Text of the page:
The federal Inflation Reduction Act, signed into law by President Joe Biden in August, makes historic investments to accelerate the energy transition, reduce carbon emissions, and spur clean energy development. However, if we are serious about addressing climate change, advancing clean energy is only part of the equation.

To maximize the Inflation Reduction Act’s investments, the West must also explore opportunities to develop organized electricity markets — markets that enable cost-effective, clean energy deployment while maintaining reliability to the benefit of all customers.

The West’s fragmented electricity grid currently creates higher-than-necessary costs for all customers and inefficiencies for companies that want access to reliable, affordable, and clean energy.

However, creating a regional organized market, like one managed by a regional transmission organization, addresses two of the biggest issues facing western electricity consumers:  reliability and cost. Interconnecting the West would enhance reliability and put downward pressure on electricity costs as the region’s generation mix responds to market signals and increasingly moves toward clean energy.

In an orchestra of utilities, an organized market acts like a conductor, independently operating transmission and directing wholesale market generators across the region. In the process, it creates multiple benefits, including:

  •  Reducing the cost of acquiring electricity generation through competitive processes – even more important amid high energy price inflation;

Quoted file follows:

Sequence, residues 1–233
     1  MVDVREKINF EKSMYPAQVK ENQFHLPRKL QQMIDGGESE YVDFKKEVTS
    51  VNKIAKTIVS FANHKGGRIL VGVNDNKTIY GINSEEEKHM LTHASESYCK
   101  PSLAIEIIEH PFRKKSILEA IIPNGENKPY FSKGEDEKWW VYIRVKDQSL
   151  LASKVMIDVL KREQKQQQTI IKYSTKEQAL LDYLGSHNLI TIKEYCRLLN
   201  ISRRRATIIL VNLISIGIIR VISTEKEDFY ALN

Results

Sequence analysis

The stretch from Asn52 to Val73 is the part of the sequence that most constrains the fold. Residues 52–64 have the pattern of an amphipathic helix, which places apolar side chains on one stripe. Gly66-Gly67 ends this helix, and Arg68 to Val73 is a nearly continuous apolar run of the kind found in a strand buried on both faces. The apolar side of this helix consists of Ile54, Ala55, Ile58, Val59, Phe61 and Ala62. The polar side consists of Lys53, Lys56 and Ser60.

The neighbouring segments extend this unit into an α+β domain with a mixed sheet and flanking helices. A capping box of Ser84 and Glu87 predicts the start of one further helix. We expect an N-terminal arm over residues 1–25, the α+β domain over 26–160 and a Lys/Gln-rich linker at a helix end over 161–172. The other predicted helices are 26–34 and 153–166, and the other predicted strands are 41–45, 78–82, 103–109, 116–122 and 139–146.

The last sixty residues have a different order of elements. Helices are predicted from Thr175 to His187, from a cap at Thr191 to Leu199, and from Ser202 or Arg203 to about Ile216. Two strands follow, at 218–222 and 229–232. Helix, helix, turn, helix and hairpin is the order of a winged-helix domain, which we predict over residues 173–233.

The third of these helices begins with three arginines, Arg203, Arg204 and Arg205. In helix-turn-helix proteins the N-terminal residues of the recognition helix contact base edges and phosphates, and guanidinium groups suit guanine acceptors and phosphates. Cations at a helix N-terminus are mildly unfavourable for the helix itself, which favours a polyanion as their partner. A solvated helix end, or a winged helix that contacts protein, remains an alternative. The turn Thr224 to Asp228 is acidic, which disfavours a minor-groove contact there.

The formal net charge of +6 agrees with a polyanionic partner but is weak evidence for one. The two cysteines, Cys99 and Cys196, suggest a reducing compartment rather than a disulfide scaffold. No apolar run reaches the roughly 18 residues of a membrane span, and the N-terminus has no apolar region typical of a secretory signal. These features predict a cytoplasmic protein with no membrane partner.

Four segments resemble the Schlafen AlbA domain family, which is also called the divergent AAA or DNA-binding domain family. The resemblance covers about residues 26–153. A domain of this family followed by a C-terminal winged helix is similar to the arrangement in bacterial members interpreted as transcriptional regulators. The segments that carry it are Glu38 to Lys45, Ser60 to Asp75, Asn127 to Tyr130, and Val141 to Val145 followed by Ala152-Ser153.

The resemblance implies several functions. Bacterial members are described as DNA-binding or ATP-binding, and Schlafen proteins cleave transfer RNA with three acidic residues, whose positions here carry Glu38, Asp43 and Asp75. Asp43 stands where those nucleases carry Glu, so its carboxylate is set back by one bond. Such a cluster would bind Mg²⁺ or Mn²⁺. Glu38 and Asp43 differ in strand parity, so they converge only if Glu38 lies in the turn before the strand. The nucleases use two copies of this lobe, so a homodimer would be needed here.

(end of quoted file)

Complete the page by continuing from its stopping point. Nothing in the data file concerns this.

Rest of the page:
•  Enhancing reliability through resource sharing and transmission build-out;
  •  Fostering innovation by providing a level playing field to incorporate advanced technologies faster; and
  •  Creating greater customer options to drive clean energy.

In Colorado, competition is yielding benefits. For example, an all-source competitive solicitation by Xcel Energy yielded record-low procurement prices for wind, solar, and battery storage. Competitive approaches with proven benefits should be scaled, including regional organized markets.

Recently, a multi-state western market study demonstrated a potential $2 billion in cost-savings from more regional electricity market integration. A Colorado study similarly demonstrated “full participation by the electric utilities in a (regional transmission organization) could deliver approximately $230 million annually” through sharing reserves, and operating costs and infrastructure investment savings. More recently, research found a western regional transmission organization could increase the gross regional product $79 billion per year across the West.

These savings are likely larger in reality, after the passage of the Inflation Reduction Act. The act provides significant cost reductions for wind, solar, and other clean energy technologies through 2030, increasing clean energy’s cost advantage in competitive markets.